Author: Mathias

Adventure Everywhere: In Conversation with Trakke founder Alec Farmer

Here’s an interview with Trakke-founder Alec Farmer I’ve done for Wildland Magazine’s Lifestyle issue back in 2014. Photography by Niall Walker. There’s various ways to embrace a certain lifestyle, to perceive the world and its surroundings in an utterly different light: Some people are simply living it, while others are further nourishing it with their creative output. Glaswegian outdoor lifestyle brand Trakke seems to be in the thick of it – producing for and together with a community of adventurers. Time for a wee chat with founder Alec Farmer about his humble beginnings, cyclist culture and the perfect bag. Hello Alec, how did it all start out with Trakke? I studied graphic design at the school of arts and I had a friend, who studied product design. On the weekends we just got out into the city and found lots of recycled, unused materials on the streets. We used to find abandoned sofas and take the leather off it or old suitcases and take the zips off. We made our first bags in our living room with a little crappy domestic sewing machine that caught …

Spot On: Marco De Masi

Have a browse on my blog and you’ll quickly figure out that I’m in love with clever, conceptual designs and illustrations that explore an idea with simple but beautiful ingredients. Marco De Masi is an Italian freelance graphic designer and illustrator from Lecce, whose thought-provoking and eye-catching works are right on the money. His crisp and minimalist style, his selection of rich colours and the way he plays with the viewer’s perspective is just oddly satisfying. @facebook @instagram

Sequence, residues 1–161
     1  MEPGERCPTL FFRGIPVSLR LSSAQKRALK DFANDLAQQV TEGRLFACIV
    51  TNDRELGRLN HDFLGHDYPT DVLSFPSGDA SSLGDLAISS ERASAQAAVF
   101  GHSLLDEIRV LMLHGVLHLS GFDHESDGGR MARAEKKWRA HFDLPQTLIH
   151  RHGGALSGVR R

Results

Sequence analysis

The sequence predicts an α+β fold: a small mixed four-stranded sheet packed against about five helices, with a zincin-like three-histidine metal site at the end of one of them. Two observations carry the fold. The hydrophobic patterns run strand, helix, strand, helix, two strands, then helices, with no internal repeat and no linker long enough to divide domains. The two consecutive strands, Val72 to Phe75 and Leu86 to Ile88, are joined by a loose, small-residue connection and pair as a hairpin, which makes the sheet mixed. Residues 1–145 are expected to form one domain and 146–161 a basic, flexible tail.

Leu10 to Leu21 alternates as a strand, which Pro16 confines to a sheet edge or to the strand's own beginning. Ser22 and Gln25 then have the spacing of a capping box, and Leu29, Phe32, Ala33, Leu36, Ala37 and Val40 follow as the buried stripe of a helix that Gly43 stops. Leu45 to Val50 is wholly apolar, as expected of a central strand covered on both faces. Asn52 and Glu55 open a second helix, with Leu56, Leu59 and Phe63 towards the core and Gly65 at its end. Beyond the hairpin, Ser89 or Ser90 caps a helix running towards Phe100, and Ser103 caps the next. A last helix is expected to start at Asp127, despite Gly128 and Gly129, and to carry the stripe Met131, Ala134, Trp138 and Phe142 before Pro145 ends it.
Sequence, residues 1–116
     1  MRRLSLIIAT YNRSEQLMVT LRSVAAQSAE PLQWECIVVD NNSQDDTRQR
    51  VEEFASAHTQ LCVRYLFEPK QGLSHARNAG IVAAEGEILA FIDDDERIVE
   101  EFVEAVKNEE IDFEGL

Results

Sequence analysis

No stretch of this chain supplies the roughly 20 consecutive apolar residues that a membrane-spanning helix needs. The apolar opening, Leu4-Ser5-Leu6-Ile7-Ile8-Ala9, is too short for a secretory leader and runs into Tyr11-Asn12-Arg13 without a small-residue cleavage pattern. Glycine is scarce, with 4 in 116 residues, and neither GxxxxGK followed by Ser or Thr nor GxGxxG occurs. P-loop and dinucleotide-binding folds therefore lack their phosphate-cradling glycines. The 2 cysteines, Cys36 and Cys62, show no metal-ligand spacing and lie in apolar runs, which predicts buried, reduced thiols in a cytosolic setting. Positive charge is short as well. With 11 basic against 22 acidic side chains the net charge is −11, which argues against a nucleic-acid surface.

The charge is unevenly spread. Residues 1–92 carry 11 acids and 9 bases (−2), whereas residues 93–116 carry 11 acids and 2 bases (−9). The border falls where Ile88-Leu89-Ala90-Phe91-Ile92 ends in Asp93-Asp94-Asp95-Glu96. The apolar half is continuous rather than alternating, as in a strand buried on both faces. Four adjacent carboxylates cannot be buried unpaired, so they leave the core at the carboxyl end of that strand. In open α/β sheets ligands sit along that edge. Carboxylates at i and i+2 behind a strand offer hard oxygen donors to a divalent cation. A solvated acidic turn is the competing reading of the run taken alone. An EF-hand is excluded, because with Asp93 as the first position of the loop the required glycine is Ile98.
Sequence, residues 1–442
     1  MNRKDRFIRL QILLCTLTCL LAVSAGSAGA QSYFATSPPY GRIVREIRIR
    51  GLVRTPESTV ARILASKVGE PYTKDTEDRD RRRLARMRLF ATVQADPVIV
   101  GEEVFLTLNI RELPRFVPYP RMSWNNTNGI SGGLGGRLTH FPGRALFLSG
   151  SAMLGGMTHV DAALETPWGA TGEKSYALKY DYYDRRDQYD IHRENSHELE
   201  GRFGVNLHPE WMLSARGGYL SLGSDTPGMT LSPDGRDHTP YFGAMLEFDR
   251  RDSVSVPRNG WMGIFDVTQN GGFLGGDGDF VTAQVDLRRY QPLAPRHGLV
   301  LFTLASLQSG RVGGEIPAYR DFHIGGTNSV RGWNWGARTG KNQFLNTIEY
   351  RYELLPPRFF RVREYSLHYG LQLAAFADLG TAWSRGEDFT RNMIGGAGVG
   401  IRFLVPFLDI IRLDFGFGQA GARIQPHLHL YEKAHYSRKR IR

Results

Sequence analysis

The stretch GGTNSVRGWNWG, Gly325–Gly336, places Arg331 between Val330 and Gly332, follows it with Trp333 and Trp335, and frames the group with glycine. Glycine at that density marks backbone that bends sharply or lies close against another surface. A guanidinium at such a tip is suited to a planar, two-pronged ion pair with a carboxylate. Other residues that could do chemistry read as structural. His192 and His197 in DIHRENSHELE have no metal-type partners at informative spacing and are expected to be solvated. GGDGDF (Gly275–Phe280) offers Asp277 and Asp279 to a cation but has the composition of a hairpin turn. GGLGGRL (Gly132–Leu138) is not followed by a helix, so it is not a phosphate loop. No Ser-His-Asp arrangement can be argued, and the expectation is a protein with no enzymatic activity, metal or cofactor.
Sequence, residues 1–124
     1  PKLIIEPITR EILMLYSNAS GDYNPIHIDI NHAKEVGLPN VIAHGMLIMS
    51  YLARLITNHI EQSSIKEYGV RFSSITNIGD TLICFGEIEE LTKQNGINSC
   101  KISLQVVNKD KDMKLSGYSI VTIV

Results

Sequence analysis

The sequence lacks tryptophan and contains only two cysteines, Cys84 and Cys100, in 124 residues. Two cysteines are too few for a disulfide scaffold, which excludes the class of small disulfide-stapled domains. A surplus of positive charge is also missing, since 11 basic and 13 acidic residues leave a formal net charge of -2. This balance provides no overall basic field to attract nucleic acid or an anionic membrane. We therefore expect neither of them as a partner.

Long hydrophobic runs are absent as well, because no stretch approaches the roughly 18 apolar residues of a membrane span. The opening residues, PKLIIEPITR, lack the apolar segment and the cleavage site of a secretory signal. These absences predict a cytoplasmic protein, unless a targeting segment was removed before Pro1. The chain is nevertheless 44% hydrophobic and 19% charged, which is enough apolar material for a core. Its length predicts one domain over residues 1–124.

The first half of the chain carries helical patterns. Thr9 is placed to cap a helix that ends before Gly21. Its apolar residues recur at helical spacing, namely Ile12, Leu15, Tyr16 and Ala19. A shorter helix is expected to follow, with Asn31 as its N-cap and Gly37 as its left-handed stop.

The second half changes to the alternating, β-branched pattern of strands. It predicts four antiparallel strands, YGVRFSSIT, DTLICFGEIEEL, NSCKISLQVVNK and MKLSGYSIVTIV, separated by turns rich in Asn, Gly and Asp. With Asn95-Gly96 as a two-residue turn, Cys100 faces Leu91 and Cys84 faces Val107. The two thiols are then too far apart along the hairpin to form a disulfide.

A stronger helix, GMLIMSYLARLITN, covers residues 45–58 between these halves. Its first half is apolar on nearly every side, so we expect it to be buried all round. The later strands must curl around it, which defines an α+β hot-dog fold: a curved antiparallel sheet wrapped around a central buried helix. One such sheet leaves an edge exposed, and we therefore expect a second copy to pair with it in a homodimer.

Wee catch up: Rumana Sayed

I vaguely memorised Rumana Sayed’s name almost a year ago when I was flicking through the truly fantastic ‘Every Woman Super Woman’ zine with its colourful aesthetics and powerful words. Fast forward half a year later, the young graphic designer becomes the new artist-in-residence at Out of the Blueprint and pretty successfully showcases a bold and punchy body of work in her first solo exhibition ‘Don’t Be Denied’. So we have a wee bit of catching up to do! Tell me a bit about your background. How did you get into making art? My name is Rumana Sayed, I’m 21 years old and live in Edinburgh. I was born in South Africa, but been brought up in the heart of Leith for 17 years. Growing up I have always been into making and creating. I didn’t know what I wanted to do leaving High School. I got into Edinburgh college to do Visual Communication & Graphic Design, studied for 3 years and it became a part of my life ever since. Its a tool for me to creative things differently in a unique way. …

Green Day © Rolling Spoke / Gus Kovac

Peddling through life on two wheels: Rolling Spoke

I have to admit, I’m a sucker for a city like Amsterdam. Liberal, friendly, charming, lots of flowing water, a good music scene and people treat cyclists well, see them as given parts of traffic on the streets. No wonder Gus moved there. He is a tireless observer of the city and its inhabitants on two pedals and two wheels with all its little facets. Time for a chat with the man, who runs urban bicycle lifestyle blog Rolling Spoke. Hi Gus. Hoe gaat het? Please introduce yourself. My name is Gus Kovac. I’m a Canadian from Toronto and I’ve been living in Amsterdam for just over 3 years now along with my wife, 2 month old daughter and our cat. I run a blog called the Rolling Spoke derived from the simple pleasure of riding a bike in the city.It began as a creative outlet with the intent to present an unbridled view of urban life on two wheels. I aim to bring a different spin on things by infusing my passion for street …